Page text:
It depends what you are growing the fruit for and other factors like your climate. If you are growing for juice, cider you can get away with less perfect looking fruit so less work is involved. U-pick you would need to be more dilligent as the consumer would be more fussy. If its purely for yourself you can do what you want.
Its quite an in depth topic but the best source of information I have found for this would be 'The Apple Grower' by Michael Phillips and "the permaculture orchard" videos.
The Fukuoka method of no prune only works if you grow them from seed because you have aready 'pruned' an apple tree when you have grafted it. You can of course not prune a tree and it will still produce but in a commercial setting especially you would want to continue.
Its possible but the approach and effort involved will vary according to cicumstances.
I love apples and have some young apple tree guilds developing.
Key guild components:
Comfrey - aim for one of the sterile bocking varieties and propagate by root cuttings. Comfrey deep mines minerals from the soil and returns them to the root zone of the apple tree. Regularly chopping leafy material mulches the surface of the soil, and the flowers attract pollinating insects. A well established patch of comfrey will also do an excellent job of shading out and suppressing grass, which competes substantially with apple trees.
Deep taproots - I like thistle family plants here - globe artichokes and cardoons for example. Their root zone is much deeper than that of the fruit trees, they have an edible yield and their leaves again can suppress grasses once established. Another pretty good mulch material if you let the old leaves fall.
Creeping ground cover - again, this is about limiting opportunities for grasses to establish. I have strawberries running under my trees and it looks like I'm due for a bumper crop this year.
Berry bushes - I've got some redcurrant under/around my apples. They are a new experiment but I'm hopeful they will work well. Again, I'm looking for a dense leafy shrub that will shade the soil and keep the grass at bay.
Various herbs/alliums etc - I've got a few odd alliums in as well. Some walking onions, a few chives that I let self seed, some creeping ground covers.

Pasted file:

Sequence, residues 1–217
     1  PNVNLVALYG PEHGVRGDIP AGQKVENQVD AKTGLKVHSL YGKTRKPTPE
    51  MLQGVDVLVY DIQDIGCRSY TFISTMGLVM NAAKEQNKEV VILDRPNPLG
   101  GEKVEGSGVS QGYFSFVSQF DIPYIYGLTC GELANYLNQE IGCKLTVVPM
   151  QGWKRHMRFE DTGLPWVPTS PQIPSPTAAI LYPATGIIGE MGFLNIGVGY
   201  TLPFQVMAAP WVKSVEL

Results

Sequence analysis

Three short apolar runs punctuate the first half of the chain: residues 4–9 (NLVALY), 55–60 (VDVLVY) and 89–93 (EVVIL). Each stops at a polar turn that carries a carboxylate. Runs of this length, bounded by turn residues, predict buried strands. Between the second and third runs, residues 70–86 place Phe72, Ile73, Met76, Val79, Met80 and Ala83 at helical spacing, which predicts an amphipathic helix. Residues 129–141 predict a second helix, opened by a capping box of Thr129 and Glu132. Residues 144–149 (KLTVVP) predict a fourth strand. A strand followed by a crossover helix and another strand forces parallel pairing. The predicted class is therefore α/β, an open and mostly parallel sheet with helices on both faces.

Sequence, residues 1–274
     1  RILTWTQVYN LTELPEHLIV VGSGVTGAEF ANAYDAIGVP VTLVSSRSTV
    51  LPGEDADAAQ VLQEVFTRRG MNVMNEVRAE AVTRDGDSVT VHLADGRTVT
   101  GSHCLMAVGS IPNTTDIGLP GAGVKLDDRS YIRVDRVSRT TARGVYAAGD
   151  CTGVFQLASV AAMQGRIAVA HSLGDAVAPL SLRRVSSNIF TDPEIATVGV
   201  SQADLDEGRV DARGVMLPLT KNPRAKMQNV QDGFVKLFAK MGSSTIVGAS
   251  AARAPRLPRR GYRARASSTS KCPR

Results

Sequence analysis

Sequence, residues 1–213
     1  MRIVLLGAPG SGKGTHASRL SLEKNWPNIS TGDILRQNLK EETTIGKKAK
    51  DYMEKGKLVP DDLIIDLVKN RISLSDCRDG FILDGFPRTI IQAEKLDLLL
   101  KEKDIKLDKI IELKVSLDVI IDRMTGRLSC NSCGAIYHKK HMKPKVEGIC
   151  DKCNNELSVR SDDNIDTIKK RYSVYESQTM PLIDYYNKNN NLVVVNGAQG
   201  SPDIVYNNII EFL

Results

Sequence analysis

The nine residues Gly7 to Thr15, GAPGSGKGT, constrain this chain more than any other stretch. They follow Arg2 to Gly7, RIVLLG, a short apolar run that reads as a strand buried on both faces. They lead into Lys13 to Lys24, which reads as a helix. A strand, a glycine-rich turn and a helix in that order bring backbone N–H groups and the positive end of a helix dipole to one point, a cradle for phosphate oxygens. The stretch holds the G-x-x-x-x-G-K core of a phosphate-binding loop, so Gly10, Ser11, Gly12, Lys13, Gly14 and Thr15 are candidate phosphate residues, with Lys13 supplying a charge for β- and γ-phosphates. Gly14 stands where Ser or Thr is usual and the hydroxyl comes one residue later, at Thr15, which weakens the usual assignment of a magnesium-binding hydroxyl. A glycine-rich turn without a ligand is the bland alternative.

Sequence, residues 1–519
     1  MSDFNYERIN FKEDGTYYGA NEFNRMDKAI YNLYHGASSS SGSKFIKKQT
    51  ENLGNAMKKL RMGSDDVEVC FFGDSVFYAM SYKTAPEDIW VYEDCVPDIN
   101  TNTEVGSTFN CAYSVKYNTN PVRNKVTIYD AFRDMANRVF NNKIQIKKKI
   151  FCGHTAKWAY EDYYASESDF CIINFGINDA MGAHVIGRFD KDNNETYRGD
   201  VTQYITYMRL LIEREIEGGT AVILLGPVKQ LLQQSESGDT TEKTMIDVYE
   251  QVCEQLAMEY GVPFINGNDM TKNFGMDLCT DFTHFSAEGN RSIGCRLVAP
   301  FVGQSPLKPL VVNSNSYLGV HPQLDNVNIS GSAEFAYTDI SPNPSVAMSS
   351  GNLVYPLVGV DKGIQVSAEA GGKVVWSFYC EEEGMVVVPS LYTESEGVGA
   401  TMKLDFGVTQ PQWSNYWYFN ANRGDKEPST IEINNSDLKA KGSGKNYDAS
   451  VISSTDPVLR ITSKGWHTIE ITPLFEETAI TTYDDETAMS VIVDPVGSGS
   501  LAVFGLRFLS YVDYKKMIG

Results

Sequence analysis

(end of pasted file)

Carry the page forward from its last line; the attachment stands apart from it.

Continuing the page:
N-fixers - I don't have any at present, but would be looking for some perennials. I've heard good things about alder, coppiced regularly to ground level. Lupins can work if you can get the roots innoculated well. Honeylocust would be good to mix in - looks for a thornless variety, ideally one also bred for high sugar content in the pods.
Wood chip mulch is amazing for this. It tipped my from dense grass sod to rich, dark, fertilise soil full of moisture and earth worms in under 6 months. We get loads dropped off occasionally by tree surgeons. Lay it down thick (like 4 to 6 inches thick) and when you need to plant just scrape it aside to get to the soil. I'm hopeful that once everything is established and holding the grass at bay then I will only need to very irregularly top this up. I've noticed that the strawberries really love growing on the wood chip. They like being elevated from the mud a bit I think so the fruit and leaves stay dry and clean.
Moderator, Treatment Free Beekeepers group on Facebook.
Apples like Potash a lot - I am not sure about plants which bring are "potash" fixers, but wood ash is rammed full of it - adding wood ash from either firepits or log burning stoves to your mulch will have a powerful effect on the fruit quality and quantity.
And, if you're going to go down this route where you will end up with "islands" of high potash, then adding other potash craving plants, like gooseberries and red currents would make for an interesting guild. Planting them fairly close - say an Apple, a gooseberry and a red current in a triangle - would give them a little competition to spur on growth and then have something low growing in between th em.
If you go down the woodchip mulch route, then I would also suggest seeding the bed with Oyster and Garden Giant mushrooms - this will drive better all around plant growth from the fruit trees and increase cropping weights, give you another source of food, and break the woodchip down a couple of years faster, while also retaining water better.
Companion Planting Guide by World Permaculture Association